you hard to want Christ; and therefore that which idle on waiting cannot do, misnurtured crying and knocking will do. And for doubtings, because you are not as you were long since with your master, consider three things: ift. What if Christ had fuch tortering thoughts of the bargain of the new covenant betwixt you and him, as you have?. 2d. Your heart is not the compass Christ faileth by; he will give you leave to sing as you please, but he will not dance to your daft spring. It is not referred to you and your thoughts what Christ will do with the charters betwixt: you and him : your own misbelief hath torn them; but he hatha the priocipal in heaven with himself : your thoughts are no parts of the new covenant; dreams change not Christ. 3d. Doubtings are your fins, but they are Christ's drugs and ingredients that the Physician maketh use of for the curing of your pride. Is it not suitable for a beggar to say at meat, God reward the winners? for then he faith, he knoweth who beareth the charges of the house. It is also meet ye should know by experience that faith is not nature's ill-gotten bastard, but your Lord's free gift ihat lay in the womb of God's free grace; praised be the winner. I may add a fourth, In the passing of your bill and your charters, whea they went through the Mediator's great seal, and were concluded, faith's advice was not fought: faith hath not a vote beside Chrift's merits; blood, blood, dear blood, that came from your Cautioner's holy body, maketh that sure work. The use then which ye have of faith now (having already closed with Jesus Christ for justification) is, to take out a copy of your pardon; and fo ye have peace with God upon the account of Chrift: for, fioce faith apprehendeth pardon, but never payeth a penny for it, no marvel that fal. vation doth nor die and live, ebb or flow with the working of faith. But, because it is your Lord's honour to believe his mercy and his fidelity, it is infinite goodness in our Lord, that misbelief giveth a dash to our Lord's glory, and not to our salvation. And fo, whoever want, (yea, howbeit God here bear with the want of what we are obliged to give him, even the glory of his grace by believing, yet) a poor covenanted sinner wanteth nob: but if guiltinefs were removed, doubtings would find no friend, nor lite; and yet faith is to believe the removal of guiltiness in Christ. A reason why ye get less now (as ye think) than before (as I take it) is, because, at our first conversion, our Lord putteth the meat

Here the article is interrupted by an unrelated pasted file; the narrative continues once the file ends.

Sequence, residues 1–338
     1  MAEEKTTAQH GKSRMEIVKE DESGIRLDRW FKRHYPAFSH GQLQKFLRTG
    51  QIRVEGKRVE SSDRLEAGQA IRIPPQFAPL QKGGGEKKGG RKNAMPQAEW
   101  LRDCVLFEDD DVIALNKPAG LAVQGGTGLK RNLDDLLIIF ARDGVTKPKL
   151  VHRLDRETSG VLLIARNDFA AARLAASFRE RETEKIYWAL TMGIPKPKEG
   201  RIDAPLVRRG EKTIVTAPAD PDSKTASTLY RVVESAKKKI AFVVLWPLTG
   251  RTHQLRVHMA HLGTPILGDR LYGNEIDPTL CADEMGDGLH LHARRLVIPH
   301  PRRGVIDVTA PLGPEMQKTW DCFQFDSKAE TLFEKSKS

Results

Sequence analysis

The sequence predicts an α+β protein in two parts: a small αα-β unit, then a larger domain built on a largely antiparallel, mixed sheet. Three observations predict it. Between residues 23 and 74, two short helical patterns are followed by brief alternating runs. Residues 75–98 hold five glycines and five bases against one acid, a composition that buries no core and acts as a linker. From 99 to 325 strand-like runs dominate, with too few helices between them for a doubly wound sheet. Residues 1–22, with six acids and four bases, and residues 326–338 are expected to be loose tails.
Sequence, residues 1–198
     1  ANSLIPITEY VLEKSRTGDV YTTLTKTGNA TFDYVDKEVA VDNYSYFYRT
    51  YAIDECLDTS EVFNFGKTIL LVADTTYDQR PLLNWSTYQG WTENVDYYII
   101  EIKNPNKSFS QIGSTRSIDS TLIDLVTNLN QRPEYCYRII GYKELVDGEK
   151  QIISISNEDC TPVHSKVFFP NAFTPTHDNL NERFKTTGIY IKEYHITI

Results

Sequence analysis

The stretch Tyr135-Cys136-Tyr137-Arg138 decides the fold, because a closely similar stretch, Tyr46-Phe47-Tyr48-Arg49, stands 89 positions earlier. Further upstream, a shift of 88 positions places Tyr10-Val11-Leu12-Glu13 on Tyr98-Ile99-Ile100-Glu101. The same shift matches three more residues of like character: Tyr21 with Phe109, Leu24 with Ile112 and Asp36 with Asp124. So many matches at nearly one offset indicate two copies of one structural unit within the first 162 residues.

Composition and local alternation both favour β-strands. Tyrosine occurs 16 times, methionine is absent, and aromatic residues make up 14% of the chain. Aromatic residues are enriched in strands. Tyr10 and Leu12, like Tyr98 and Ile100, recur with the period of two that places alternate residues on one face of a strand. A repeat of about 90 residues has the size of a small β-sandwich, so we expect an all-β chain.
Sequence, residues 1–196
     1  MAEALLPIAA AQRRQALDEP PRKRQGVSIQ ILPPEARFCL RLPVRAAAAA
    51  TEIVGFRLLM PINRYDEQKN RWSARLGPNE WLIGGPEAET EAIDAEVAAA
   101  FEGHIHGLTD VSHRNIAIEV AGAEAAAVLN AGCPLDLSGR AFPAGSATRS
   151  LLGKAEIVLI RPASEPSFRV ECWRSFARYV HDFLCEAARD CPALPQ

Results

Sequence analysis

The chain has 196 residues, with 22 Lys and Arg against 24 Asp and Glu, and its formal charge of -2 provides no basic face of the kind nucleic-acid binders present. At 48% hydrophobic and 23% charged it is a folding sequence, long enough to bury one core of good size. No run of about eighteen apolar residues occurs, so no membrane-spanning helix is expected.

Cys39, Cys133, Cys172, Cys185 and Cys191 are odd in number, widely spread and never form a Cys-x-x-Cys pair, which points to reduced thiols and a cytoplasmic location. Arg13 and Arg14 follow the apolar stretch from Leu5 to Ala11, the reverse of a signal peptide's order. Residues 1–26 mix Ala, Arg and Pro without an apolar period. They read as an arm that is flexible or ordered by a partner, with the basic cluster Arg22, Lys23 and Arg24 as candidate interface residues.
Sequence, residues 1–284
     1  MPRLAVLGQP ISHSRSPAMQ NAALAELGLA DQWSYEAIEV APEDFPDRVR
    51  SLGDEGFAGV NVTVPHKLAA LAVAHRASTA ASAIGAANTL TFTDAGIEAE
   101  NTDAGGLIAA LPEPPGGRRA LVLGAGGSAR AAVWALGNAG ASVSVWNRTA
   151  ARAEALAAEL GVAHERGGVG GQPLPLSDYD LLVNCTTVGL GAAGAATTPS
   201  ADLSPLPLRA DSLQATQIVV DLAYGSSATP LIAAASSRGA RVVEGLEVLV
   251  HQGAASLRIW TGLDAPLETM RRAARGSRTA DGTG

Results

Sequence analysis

bairos mouths with his own hand; but when we grow to some further perfection, we must take heaven by violence, and